Massive banners — one measuring four stories in height — are tethered to the front of two derelict downtown buildings, located mid-block on a stretch of East Main Street that has seemed resistant to change.
The life-like prints depict how each might appear once renovated, showing office workers milling behind windows that reflect cloud-dotted skies.
Reality remains some time off. So developer Patrick Dutton, who owns the buildings between St. Paul and North Clinton with his uncle, Gary Dutton, and cousin, Luke Dutton, put up banners. Something of a gesture, they said, at a cost of $10,000, to other developers investing millions to revive buildings across the street, and to the city as a whole.
“We were tired,” Dutton said, “and others were tired of looking at these buildings and wondering what’s to come.”
While reality remains some time off for these properties, change is coming. To the east, work has begun on the bricked-over former McCrory’s department store. The top floors at 200 E. Main St. already are leased for government offices to include the Social Security Administration, relocating later this year from Five Star Bank Plaza. The agency will bring 47 employees and 200 daily visitors — with the full governmental space expected to accommodate double both numbers. The lease is for 10 years, at $32.63 per square foot for 17,000 rentable square feet.
“This is a game-changer for the block,” said Chris Hill, principal with Geddes Rochester, which owns the McCrory’s building. “This starts to bring this area that has been in question for so long, back to life.”
To the west, CGI Communications is expanding, and founder Bob Bartosiewicz plans for a muscle car museum to open in May. And, around the corner on St. Paul Street, the Dutton team and Gallina Development recently closed on the Edwards Building, planning a $21 million residential, office and retail conversion of the seven-story building.
These properties were left for naught after Renaissance Square, one of the area’s most ambitious redevelopment projects, collapsed in 2009.
“We are picking up the leftover pieces,” Dutton said of the plan that would have redeveloped the block for a performing arts center, Monroe Community College campus and bus terminal.
The other side of Main is a model of redevelopment, with every property under redevelopment or completed, including the Hyatt Regency Rochester, Hilton Garden Inn, Lincoln Alliance and The Metropolitan (formerly Chase Tower, and another Dutton/Gallina redevelopment). Dutton/Gallina bought the historic 1908 structure at 34 St. Paul from Monroe County for $550,000. There is no timetable for construction, but Dutton said the Edwards project would get underway before workers dig into those two East Main Street properties.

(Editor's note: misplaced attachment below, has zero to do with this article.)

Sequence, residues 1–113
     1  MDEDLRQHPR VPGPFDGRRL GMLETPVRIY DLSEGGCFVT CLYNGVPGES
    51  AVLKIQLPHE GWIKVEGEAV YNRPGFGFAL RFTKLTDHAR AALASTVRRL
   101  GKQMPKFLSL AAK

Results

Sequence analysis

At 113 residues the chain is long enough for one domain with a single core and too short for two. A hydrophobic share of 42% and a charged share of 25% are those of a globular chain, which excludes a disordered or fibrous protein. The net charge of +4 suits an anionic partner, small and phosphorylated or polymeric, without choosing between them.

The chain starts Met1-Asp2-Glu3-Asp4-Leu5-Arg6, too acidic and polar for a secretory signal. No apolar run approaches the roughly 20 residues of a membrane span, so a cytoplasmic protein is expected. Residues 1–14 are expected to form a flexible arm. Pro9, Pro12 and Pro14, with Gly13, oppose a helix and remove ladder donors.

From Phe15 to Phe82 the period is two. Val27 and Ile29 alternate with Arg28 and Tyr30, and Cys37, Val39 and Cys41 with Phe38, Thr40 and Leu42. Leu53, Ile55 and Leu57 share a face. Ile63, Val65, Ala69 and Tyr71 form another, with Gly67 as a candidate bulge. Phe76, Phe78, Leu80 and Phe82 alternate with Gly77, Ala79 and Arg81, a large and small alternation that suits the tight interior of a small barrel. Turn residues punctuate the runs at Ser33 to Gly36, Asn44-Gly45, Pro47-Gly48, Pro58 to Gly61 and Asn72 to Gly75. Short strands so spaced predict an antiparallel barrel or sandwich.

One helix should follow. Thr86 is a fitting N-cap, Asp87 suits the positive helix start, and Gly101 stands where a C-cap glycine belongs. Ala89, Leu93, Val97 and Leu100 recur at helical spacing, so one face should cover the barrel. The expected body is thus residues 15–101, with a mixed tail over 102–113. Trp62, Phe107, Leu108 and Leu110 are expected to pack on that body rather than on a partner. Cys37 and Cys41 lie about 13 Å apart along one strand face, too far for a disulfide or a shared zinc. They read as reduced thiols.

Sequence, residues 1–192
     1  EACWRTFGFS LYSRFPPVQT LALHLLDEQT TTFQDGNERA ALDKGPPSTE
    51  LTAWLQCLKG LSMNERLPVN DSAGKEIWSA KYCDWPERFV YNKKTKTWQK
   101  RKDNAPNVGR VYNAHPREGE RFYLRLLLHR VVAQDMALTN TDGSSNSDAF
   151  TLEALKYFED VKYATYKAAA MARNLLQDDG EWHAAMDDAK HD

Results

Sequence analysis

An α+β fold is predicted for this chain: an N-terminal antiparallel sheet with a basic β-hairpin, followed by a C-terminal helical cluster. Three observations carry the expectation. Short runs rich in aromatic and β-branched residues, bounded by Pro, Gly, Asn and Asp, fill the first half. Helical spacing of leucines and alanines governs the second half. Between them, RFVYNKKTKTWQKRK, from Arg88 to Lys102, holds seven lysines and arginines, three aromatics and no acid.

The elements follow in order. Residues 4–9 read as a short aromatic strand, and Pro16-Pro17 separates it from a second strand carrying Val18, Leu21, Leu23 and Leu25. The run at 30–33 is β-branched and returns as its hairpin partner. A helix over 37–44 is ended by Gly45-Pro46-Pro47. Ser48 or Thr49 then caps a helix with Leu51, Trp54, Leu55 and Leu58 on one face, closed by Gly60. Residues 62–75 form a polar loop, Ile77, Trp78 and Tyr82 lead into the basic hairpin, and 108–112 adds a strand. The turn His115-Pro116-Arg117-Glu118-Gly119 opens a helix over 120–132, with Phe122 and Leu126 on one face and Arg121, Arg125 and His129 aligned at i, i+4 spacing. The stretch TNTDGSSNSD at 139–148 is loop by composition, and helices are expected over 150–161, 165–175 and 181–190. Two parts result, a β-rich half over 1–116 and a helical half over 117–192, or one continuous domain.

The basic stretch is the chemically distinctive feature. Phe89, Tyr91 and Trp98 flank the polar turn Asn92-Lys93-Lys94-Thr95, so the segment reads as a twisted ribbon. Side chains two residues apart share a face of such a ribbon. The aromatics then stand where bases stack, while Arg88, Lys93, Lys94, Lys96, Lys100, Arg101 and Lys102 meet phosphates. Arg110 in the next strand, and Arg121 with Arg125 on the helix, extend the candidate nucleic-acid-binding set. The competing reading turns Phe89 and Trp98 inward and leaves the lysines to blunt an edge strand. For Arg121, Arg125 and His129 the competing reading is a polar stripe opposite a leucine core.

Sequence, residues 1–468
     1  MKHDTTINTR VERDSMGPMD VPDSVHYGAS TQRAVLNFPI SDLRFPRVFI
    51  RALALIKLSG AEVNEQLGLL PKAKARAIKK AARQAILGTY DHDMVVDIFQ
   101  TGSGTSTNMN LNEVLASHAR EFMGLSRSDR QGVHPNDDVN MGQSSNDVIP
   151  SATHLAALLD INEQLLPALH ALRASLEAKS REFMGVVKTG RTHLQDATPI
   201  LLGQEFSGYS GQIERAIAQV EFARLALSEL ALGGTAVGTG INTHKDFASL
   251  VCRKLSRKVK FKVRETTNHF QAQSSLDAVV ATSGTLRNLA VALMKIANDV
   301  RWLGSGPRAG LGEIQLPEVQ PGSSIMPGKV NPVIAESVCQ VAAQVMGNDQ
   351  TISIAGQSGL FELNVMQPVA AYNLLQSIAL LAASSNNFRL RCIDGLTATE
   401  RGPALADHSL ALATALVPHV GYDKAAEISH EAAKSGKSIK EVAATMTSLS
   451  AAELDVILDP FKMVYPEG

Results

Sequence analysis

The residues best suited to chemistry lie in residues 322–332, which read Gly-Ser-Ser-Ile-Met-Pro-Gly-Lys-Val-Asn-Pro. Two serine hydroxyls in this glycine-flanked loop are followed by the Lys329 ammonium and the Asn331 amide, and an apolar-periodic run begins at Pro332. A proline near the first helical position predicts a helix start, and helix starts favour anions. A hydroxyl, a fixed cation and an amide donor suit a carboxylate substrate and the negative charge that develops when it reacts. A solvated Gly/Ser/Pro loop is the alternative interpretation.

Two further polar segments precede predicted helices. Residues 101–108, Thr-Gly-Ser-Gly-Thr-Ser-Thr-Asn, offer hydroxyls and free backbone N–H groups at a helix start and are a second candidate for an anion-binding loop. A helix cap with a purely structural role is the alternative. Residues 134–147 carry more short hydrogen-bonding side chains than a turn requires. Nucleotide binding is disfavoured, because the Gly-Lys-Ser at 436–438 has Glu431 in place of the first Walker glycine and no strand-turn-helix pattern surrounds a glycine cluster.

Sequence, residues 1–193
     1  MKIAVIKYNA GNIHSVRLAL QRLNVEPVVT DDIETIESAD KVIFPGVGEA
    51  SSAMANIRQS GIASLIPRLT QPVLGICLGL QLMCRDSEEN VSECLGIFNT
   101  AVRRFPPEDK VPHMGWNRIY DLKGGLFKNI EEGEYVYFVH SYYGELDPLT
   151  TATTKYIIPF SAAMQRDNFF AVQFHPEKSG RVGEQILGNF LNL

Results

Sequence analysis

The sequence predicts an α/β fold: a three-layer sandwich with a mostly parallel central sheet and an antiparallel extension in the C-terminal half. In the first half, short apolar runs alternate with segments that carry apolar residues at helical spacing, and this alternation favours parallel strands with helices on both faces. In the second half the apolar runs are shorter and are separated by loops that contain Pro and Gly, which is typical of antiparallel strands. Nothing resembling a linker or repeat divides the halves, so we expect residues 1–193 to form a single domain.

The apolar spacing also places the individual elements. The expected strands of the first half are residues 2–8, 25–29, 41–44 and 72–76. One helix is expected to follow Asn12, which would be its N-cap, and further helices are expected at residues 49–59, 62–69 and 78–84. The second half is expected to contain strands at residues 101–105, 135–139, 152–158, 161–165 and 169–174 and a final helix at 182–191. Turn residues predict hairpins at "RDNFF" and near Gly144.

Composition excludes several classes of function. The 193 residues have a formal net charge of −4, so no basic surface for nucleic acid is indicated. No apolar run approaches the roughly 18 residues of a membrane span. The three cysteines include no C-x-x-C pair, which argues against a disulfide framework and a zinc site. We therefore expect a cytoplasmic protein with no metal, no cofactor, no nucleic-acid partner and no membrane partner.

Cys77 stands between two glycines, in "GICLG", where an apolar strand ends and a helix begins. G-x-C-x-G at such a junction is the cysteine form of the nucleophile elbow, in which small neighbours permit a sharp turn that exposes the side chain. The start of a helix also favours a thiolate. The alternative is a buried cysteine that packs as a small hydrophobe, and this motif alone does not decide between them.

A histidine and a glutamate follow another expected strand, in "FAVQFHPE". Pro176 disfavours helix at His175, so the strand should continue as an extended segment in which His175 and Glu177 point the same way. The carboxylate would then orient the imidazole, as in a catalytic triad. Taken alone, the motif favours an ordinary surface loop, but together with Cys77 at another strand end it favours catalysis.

The Landmark Society of Western New York included the north side of the block in its 2015 Five to Revive, an annual listing that highlights buildings or areas in need of attention. Surviving buildings date back 150 years and, taken together, form the nucleus of a new state and national historic district that officials hope will aid in the block’s redevelopment.
The district has received state approval, but will get a second look this month after a minor revision. Sign off from the National Parks Service should quickly follow, said Larry Francer, associate director of preservation for the Landmark Society of Western New York. The designation is honorary, free of restrictions, but is the “gateway” to a tax credit designation that can aid in renovations.
“Unfortunately, these buildings are going to need more than just tax credits,” said Dutton, who pushed for the designation. “They are going to need to be figured out.”
He said there is concern about one of the two buildings in particular that “is showing more serious signs of fatigue,” requiring attention.
Still lacking is a clear direction for the block, which is divided between nine separate owners. Dutton has pushed for coordination, both in a development strategy, and a coordinated construction plan given the interconnected nature and structural condition of the buildings.
Going forward in isolation, he said, “is a potential recipe for failure.”
Fittingly, the banners lasted a week before last Wednesday’s windstorm pulled loose a section of the fabricated facade.